There is nothing more irritating than to come back home after a photo shoot with stunning photographs only to see blotches on your photos. When magnified those pesky dust spots can definitely ruin a photograph. Even the tiniest of specks loom large when you enlarge a photo.
So how often should you clean your sensor? The quick answer is – whenever you need it. If you take your camera out for a spin every day or once a week and switch lens regularly then you might have to do it once a month. If you are the occasional photographer then perhaps every few months or so. You may also consider where you shoot the majority of your photographs – a landscape photographer who is outdoors will pick up more dust and dirt than someone who never ventures out of the studio.
Here are a few good rules of thumb for all types of photographers to keep in mind while shooting with or cleaning your camera:
Make sure you keep your camera pointing downward when swapping out lens to prevent anything from entering the camera body.
Wipe down your camera and lens with a soft microfiber towel especially designed for photography equipment to remove any dust or debris from the outside of your camera.
Be particularly gentle with your lenses and wipe clean in a circular motion. The last thing you want to do is scratch the outside coating of your very expensive lens!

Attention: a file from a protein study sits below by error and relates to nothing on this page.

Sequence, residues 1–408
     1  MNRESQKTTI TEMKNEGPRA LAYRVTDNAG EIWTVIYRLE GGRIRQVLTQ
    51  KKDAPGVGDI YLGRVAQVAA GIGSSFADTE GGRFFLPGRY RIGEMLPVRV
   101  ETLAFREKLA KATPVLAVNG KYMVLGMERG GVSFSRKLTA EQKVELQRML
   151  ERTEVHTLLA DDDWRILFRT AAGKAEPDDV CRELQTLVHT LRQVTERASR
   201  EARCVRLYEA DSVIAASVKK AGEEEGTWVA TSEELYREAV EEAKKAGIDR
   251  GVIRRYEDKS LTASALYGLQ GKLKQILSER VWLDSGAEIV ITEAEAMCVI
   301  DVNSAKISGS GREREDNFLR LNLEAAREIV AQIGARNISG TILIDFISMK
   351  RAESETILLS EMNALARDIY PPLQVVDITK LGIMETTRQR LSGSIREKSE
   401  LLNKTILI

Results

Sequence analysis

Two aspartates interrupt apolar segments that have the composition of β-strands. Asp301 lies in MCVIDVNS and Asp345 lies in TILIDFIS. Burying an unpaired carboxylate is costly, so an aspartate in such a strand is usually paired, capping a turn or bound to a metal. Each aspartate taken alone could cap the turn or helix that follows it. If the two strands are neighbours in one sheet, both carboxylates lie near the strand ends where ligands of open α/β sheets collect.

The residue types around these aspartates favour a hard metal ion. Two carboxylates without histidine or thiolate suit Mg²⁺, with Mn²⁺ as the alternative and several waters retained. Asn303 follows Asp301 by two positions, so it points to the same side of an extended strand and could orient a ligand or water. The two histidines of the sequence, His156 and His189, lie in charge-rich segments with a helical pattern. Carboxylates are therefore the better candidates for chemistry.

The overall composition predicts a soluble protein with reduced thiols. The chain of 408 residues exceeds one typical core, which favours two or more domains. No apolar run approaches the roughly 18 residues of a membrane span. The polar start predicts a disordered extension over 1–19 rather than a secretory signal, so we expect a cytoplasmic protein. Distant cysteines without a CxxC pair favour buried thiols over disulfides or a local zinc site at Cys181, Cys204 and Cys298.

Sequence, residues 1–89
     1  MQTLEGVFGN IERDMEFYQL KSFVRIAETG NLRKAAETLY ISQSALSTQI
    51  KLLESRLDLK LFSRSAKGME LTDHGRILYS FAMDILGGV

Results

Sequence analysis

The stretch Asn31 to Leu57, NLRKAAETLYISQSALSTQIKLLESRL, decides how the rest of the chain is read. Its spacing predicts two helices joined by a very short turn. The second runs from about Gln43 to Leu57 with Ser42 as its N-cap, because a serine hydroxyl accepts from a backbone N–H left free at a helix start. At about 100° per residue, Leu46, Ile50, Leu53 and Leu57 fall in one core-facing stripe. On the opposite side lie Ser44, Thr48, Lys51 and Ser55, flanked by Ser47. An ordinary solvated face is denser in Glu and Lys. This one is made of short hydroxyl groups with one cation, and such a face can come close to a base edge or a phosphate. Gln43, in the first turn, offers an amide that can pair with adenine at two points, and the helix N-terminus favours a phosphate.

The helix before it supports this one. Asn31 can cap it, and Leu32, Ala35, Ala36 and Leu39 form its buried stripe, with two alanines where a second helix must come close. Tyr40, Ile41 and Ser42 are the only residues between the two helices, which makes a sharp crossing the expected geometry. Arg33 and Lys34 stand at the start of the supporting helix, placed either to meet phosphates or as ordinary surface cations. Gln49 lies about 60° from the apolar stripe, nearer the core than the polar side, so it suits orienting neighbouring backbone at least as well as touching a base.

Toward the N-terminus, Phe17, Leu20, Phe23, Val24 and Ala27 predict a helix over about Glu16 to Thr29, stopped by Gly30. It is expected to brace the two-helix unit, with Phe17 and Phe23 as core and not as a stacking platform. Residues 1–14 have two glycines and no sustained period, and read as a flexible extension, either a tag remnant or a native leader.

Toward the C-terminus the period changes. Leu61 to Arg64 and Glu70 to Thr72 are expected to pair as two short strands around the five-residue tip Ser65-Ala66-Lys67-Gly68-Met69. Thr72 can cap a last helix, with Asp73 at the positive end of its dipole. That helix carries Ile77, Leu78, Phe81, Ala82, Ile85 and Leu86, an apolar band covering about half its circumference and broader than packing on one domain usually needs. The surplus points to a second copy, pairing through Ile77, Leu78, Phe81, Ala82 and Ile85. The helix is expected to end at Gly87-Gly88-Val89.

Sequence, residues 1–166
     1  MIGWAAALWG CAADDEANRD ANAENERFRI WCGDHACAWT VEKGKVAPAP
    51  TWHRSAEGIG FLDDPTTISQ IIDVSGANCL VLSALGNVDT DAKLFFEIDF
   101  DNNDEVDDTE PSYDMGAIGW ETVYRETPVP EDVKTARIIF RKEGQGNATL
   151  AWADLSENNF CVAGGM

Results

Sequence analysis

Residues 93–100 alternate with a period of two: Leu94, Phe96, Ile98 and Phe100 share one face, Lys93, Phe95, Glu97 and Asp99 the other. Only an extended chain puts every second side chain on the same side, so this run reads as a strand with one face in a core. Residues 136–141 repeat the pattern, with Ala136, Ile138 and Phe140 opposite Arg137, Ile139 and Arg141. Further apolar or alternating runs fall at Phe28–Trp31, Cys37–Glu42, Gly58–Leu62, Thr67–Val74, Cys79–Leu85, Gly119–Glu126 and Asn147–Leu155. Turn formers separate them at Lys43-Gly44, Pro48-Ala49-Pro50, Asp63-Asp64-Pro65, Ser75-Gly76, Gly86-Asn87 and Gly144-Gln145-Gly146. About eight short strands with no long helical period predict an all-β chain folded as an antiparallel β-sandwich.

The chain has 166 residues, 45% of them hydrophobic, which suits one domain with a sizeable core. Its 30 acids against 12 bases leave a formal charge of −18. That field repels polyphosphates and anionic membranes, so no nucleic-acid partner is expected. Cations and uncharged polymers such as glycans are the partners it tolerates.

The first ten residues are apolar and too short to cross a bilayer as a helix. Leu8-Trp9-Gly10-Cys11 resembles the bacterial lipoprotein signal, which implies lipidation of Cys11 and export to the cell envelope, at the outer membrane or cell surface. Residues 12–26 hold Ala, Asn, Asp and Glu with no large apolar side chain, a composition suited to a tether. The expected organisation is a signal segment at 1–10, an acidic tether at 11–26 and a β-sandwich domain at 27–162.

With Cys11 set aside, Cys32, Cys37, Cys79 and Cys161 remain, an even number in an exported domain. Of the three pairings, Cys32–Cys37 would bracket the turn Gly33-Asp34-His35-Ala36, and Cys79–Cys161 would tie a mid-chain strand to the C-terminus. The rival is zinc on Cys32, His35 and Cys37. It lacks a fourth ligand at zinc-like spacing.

As for the sensor, most DSLRs have an internal sensor cleaning feature in the menu. Most camera manufacturers use an ultrasonic vibration to shake the dust free from the sensor and trap it. This is probably the safest and pain free way to clean your sensor.
But there are times when you must manually clean the sensor. While you can always take your equipment to a camera store to have it cleaned, it really isn’t too bad to just get in there yourself.
Here’s how to clean your camera sensor:
I'll give you a quick rundown of how to clean your sensor here, but I highly recommend watching the video above, or better yet reading my full post on how to clean your image sensor on your camera.
First, do a sensor check to make sure it’s necessary. To do this set your camera to the lowest ISO it can go – 100 or 200. Then pick the smallest aperture (f/16, f/22, f/32) and focus on a clean white piece of paper. Enlarge that photo to 100 percent and check for smudges or black splotches or even a squiggly line which means there is a piece of lint. You can always remove these blemishes in post-processing but that will get annoying, tedious and time consuming after a while.
Then if you happen upon something foreign on your lens, you will need an air squeeze bulb and a sensor scope. The sensor scope is a magnifying glass with a light to shine on the sensor. Hopefully if you turn your camera downwards without any lenses attached and flip the mirror up in cleaning mode, a quick burst from the air blower will dislodge any dust.
Where can I find the cleaning supplies?
There are kits available that have all the pieces in one easy package but make sure you carefully read the instructions before proceeding. There are also cleaning swaps and solvents for those hard to remove specks. For more information on the specific tools in a cleaning kit and where to buy one click here. As always, when dealing with your sensor, be careful and gentle.